Paula Russel makes a strong case for the appeal of a natural, hirsute hunk.
I love body hair. To me, nothing is sexier than Burt Reynolds in all of his naked, hairy glory on a bearskin rug. Chest hair, leg hair, facial hair… Be still, my heart! I have even come to appreciate a dusting of back hair. Unfortunately, I live in a world that encourages men to remove it all.
Chest hair removal harkens back to ancient Egypt, where hair removal was common to protect against fleas, lice and other infestations. In ancient times, lack of body hair was often indicative of civility, with ancient Greek men removing their body hair to appear more youthful and refined, and ancient Egyptian priests practicing hair removal in order to present a pure image to their gods.
Male body hair removal was less common in Europe, as body hair was generally accepted in early Christian Europe and even considered lucky by certain groups, such as Jewish Europeans in the Middle Ages. For the longest time, body hair simply wasn’t an area of concern for European men. The influence of Europe in global fashion trends helped hairier men to be seen as sexy throughout the 1960s and 70s.
In contrast to the mild popularity of hairless chests in American films in the 1950s, such as Marlon Brando’s in A Streetcar Named Desire, European productions showed masculine chests in all of their hairy glory. Sean Connery and his furry torso on the beach in the very popular James Bond film Dr. No helped usher in a fantastically hirsute era in which the Burt Reynoldses, Tom Sellecks and Alec Baldwins of the world could bare their sexy man-rugs without shame.
Sadly, a recent poll suggested that these days, 49% of women prefer hairless chests. Part of me wonders how this preference has evolved. Like many of the pressures put on women and their bodies, this figure is undoubtedly heavily media-influenced. The late 1980s ushered in another era of hairless chests – from the covers of Harlequin Romances to a hairless Sylvester Stallone slugging out an equally hairless Dolph Lundgren in Rocky IV, to a hairless, shirtless and ripped Brad Pitt in Thelma and Louise or Fight Club in the 1990s. Thus began a pervasiveness within the media of hairlessness as the new norm. It is rare that one sees a chest these days with much more than a treasure trail adorning it.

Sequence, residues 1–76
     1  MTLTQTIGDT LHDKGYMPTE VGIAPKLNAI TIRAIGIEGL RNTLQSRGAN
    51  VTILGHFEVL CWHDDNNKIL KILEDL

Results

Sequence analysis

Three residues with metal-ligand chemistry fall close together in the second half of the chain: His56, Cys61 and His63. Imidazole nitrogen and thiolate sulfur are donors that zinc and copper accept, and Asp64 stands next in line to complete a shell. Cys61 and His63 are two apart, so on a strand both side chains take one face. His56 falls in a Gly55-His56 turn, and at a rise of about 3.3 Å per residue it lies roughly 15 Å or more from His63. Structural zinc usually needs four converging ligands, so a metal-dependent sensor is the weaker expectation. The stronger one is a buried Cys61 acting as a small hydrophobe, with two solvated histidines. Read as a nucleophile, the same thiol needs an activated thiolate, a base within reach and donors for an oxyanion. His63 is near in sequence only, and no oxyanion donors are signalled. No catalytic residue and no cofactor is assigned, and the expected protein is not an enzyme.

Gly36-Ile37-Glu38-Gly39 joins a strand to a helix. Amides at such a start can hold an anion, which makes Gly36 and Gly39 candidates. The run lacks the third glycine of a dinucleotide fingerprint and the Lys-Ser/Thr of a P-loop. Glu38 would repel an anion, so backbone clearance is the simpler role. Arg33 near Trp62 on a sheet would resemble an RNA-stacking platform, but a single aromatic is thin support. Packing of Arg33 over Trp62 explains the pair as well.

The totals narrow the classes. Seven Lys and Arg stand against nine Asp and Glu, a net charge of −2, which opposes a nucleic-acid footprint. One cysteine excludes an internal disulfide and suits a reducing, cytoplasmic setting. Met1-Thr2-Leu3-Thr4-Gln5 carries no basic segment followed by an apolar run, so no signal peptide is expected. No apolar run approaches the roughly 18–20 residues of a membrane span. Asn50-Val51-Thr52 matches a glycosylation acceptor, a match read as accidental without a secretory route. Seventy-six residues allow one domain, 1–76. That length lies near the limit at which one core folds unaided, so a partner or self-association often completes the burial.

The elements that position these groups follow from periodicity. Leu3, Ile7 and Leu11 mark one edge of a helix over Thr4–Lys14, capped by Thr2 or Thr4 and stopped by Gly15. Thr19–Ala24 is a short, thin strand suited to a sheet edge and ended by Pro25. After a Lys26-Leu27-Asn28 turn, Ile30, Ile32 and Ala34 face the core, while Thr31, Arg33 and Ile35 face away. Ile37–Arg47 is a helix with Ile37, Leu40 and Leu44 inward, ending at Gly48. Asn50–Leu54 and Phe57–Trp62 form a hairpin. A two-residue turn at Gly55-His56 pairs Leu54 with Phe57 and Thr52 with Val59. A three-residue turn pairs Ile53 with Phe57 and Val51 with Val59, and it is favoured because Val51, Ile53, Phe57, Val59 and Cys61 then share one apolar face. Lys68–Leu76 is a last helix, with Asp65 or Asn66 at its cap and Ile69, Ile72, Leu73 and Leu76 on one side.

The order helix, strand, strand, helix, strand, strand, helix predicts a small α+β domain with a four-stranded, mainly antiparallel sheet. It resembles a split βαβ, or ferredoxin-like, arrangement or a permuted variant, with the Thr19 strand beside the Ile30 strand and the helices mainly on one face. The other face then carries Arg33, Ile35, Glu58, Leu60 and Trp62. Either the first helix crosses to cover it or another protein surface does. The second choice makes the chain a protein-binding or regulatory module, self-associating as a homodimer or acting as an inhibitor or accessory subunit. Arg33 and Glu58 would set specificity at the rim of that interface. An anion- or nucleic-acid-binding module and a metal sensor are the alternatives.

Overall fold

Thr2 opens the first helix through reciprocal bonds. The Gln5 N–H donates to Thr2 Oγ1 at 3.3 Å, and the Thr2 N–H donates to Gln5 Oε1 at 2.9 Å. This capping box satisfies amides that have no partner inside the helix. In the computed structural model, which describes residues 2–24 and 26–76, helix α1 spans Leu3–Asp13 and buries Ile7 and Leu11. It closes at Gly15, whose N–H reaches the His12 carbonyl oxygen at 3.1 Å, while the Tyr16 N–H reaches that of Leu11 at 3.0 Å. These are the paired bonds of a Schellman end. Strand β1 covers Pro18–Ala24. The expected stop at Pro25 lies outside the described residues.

A couple of years ago, a friend of mine confessed to shaving his chest frequently. He said it started when he started to read GQ and saw how different he looked from most of the men in the magazine. He’s an attractive, muscular guy, but felt hopelessly inadequate because of his body hair. I laughed at him at the time and made fun of him for being a metrosexual, but looking back on the experience, I regret teasing him. His shaving wasn’t a result of metrosexuality, but a response to the way men are now taught that they need to look. While the media’s unrealistic expectations of women is well-known and questioned within feminist communities, we need to also address the pressure put upon men to look a certain way.
Men shouldn’t be ashamed of their body hair, just as women shouldn’t be ashamed that they’re not necessarily a size two. Your body hair is a part of who you are and it’s not worth being self-conscious about it. Whether you have a hairy chest, a hairy back, or only a patch of fuzz in the centre of your chest, you’re sexy. Nothing feels better than lying next to you and stroking your manly chest hair.
I beg the men out there to stop shaving, waxing and plucking your excess hair. The modern media might not encourage your body hair, but it is sexy and natural. Men need to start questioning the media’s portrayal of male body hair and accepting themselves for who they are.
Photo—Sit ups from Shutterstock